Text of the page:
Report: Kawhi Leonard’s Camp Asked for ‘Illegal Perks’ to Sign With Lakers - Lakers Daily

Report: Kawhi Leonard’s Camp Asked for ‘Illegal Perks’ to Sign With Lakers

Kawhi Leonard Los Angeles Clippers Brace Hemmelgarn / USA TODAY Sports

The 2019 offseason for the Los Angeles Lakers was marred by the disappointment of not being able to sign defending Finals MVP Kawhi Leonard as a free agent.

After weeks of stringing the Lakers along, Leonard ultimately opted to sign with the Los Angeles Clippers.

Before making that final decision, however, it appears his desire to sign with the Lakers was contingent on the storied franchise’s promising illegal sweeteners to get a deal done.

“The stories about [Dennis] Robertson’s wish list made their way to the league office soon after Leonard made his decision, with concerned parties reporting that Leonard’s uncle had asked pursuing teams for much, much more than a max contract (Kawhi ultimately signed a three-year, $103 million deal with the Clippers),” Sam Amick of The Athletic reported. “Sources say the league was told that Robertson asked team officials for part ownership of the team, a private plane that would be available at all times, a house and — last but certainly not least — a guaranteed amount of off-court endorsement money that they could expect if Leonard played for their team. All of those items, to be clear, would fall well outside the confines of the league’s collective bargaining agreement.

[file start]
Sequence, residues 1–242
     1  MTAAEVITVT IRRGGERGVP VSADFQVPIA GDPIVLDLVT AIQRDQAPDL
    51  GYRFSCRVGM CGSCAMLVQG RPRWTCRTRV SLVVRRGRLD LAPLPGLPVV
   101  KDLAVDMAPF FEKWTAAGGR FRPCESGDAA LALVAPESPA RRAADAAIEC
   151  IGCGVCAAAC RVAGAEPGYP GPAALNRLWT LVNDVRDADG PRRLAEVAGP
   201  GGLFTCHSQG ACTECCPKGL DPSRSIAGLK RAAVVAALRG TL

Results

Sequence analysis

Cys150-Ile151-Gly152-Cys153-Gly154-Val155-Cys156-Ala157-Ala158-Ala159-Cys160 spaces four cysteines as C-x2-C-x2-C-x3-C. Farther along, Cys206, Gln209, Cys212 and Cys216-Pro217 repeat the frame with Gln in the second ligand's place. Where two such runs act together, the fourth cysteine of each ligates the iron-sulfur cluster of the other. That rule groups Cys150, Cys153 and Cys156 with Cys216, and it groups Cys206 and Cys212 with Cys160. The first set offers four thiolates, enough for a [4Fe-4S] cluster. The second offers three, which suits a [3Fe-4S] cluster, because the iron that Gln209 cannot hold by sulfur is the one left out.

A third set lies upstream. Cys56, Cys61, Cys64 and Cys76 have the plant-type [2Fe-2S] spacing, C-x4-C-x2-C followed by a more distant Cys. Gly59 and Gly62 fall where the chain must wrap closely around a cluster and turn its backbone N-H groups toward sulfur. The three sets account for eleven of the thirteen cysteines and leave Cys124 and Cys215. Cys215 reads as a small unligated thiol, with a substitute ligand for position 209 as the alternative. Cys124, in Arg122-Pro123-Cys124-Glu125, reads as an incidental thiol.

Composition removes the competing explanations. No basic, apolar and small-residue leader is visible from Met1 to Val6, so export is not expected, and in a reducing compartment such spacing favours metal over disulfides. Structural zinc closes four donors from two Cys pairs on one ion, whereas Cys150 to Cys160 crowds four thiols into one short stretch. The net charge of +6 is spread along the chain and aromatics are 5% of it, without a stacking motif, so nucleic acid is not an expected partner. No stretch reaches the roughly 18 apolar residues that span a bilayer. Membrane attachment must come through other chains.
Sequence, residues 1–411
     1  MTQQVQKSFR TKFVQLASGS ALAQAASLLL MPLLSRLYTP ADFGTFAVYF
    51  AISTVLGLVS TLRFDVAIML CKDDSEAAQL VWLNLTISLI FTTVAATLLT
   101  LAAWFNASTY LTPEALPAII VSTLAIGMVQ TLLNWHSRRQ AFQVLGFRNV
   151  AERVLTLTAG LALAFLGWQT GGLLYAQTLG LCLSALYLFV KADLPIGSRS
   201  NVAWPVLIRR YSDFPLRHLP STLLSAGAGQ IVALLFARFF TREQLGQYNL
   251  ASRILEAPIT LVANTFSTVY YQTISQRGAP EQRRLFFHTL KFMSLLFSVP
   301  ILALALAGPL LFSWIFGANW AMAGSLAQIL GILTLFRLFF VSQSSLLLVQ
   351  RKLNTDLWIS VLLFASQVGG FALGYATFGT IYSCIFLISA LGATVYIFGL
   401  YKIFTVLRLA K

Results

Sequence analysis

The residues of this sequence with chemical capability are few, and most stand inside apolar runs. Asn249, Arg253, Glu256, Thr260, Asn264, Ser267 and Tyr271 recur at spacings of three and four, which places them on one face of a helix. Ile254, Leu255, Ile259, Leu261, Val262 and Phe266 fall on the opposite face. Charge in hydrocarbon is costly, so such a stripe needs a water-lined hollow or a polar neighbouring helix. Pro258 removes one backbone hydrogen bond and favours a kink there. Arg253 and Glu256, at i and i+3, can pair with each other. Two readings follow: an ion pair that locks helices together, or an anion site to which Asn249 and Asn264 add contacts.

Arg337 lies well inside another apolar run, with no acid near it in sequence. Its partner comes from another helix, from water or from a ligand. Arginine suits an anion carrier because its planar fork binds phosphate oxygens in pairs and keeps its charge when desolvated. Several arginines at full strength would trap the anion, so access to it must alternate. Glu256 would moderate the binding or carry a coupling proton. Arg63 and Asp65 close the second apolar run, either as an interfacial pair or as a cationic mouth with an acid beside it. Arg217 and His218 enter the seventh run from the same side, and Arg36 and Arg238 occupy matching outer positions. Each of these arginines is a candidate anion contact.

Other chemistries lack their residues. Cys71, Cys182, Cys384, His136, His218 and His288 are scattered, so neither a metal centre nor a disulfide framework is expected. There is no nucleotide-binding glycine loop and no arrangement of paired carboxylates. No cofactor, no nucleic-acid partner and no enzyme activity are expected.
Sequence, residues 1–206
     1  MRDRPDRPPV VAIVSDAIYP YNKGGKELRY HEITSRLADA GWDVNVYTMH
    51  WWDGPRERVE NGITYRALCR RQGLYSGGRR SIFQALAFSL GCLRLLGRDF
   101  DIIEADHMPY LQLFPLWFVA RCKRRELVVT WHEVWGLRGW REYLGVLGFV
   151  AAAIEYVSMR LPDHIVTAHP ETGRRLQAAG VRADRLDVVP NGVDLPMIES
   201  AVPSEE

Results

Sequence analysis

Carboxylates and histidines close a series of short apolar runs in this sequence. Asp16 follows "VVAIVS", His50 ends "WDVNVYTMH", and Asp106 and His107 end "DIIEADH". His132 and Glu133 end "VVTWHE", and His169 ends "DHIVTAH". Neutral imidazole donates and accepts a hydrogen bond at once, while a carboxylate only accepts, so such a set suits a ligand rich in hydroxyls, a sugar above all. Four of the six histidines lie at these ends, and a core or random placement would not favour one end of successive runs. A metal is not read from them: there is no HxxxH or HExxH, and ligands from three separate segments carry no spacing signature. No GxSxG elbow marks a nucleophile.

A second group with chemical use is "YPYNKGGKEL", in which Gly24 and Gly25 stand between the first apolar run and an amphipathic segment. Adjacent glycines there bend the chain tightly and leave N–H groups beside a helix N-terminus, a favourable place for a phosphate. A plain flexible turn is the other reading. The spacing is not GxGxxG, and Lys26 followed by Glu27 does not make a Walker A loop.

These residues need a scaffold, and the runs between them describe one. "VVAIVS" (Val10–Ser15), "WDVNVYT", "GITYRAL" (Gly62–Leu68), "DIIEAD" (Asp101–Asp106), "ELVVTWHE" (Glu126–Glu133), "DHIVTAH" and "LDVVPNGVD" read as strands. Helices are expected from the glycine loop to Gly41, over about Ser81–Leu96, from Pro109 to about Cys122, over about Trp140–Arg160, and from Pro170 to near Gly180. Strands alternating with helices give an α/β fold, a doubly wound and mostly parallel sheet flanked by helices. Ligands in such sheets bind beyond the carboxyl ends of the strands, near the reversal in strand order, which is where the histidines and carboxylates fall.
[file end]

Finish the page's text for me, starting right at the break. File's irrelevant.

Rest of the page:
“A source with knowledge of the Kawhi-Lakers talks said Robertson made those requests repeatedly to owner Jeanie Buss over the course of three phone calls that spanned several days, and that she made it clear that such perks were illegal and would not be considered. There was even a question raised by Robertson about why Lakers legend Magic Johnson had been given a small piece of Lakers ownership so many years ago, with Buss explaining that the two situations couldn’t have been more different – even beyond the fact that one was legal and the other was not.”

As the dialogue between the team and star player waged on, it appears Buss began to sense that Leonard’s ultimate goal was not to wear the Purple and Gold.

“Those uncomfortable discussions with Robertson, along with Buss’ growing sense at the time that the Lakers were being used as leverage to help Leonard get what he wanted out of the Clippers, are at the heart of the frustration that remains to this day,” Amick wrote. “What’s more, sources said that Robertson made similar requests of the Raptors.”

It’s a troubling report and has actually spurred action by the NBA.

“Sources say the NBA has asked the National Basketball Players Association to assist with this problem as well by re-emphasizing the rules of representation with its 400-plus players: Only certified agents are authorized to negotiate directly with teams,” Amick wrote. “Translation: No more relatives leading the way, unless they’re also certified as an agent.

“Conversely, team officials are expected to engage only with the agent of record when it comes to negotiations. The NBPA, sources say, has no issues with the league wanting to remind its players about the rules of operation.

“As one prominent agent said at the time about the league’s renewed focus on laying down the law over the summer, ‘This is because of Dennis. He didn’t know the rules.’

“Said one owner: ‘This (league-wide discussion) is all because of Uncle Dennis.’”

With all that in the past, it’s likely that the Lakers front office is more motivated than ever to win a championship this year.

Not only would it mean adding another banner to the rafters at Staples Center, it would also mean besting Leonard, a player who it seems to now have issue with at a very personal level.